To complement the visit by providing a more Mediterranean view we went to visit the Puerto de San Glorio in León. There the landscape, despite being very close, has a very different character with a conglomerate type rock and very sparse vegetation, with fewer tourists and perhaps more livestock. As impressive birds we were able to enjoy the abundant presence of the red-backed shrike and the striking cirl bunting and yellowhammer. In addition, we were fortunate to witness a real natural spectacle, as there was a dead horse and a large number of griffon vultures approached to eat it, showing the spectacular interactions between them.


A few days later in the summer a group of ten Dutch people came for a hiking and meditation activity, with the added attraction of sleeping in the mountains in a tent. As the weather forecast was calling for heavy storms, I decided to modify the route for greater safety. Therefore we started climbing from the end of the Cares route in Cain, where we saw the impressive wallcreeper, and then we continued through the Monte Corona to Posada de Valdeón and from there by the old road to sleep at the fantastic camping Cares in Santa Marina de Valdeón, in the Picos de Europa in León.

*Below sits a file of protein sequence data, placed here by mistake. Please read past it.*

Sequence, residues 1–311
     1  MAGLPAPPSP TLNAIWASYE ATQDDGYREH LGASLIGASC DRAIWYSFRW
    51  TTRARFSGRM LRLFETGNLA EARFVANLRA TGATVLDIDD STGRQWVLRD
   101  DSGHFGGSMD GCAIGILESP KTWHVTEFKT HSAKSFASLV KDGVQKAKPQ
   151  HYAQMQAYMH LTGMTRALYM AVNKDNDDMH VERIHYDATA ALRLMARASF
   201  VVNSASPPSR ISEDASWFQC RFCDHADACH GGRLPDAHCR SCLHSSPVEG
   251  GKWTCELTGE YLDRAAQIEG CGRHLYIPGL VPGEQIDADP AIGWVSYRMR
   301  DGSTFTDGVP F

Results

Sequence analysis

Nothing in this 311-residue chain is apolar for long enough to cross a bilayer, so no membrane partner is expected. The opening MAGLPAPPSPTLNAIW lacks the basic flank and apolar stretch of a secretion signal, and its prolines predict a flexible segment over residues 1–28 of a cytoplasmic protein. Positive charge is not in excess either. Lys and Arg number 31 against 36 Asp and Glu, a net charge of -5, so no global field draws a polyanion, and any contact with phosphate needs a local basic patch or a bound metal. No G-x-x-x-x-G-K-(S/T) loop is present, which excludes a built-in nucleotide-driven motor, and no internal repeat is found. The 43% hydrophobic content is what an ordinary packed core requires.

The next day we walked down from the campsite to Soto de Valdeón, where we briefly visited the local mountaineering legend Isidoro Rodríguez Cubillas, to continue climbing to the Frade ridge, just when the fog closed all the views. Already with dense fog and some rain, we descended through the enigmatic beech forests to the charismatic mountain refuge of Vegabaño, where we had dinner and spent the night in the rain in our tents. The next day with sun we got down and we could even contemplate a male wild cat and arrive just in time to bathe in the Dobra River before lunch and go.


At the end of August and closer to home, in Bilbao, I spent several days with both American couples with whom we went to visit the Urdaibai marshes in Bizkaia, the Txakoli Berroja wine cellars, and even the alpine Urkiola Natural Park. We were fortunate to see a group of about thirty Spoonbills flying in the vicinity of San Cristobal, something spectacular that can only be seen in those important moments during the migration at the end of the summer. We completed the trip by visiting the Urdaibai Bird Center and its lagoon and of course we did not leave without tasting the delicious Basque Pintxos in Gernika, and checking out the Casa de Juntas, and the mural replica painting by Picasso. This is something that Americans are very excited about.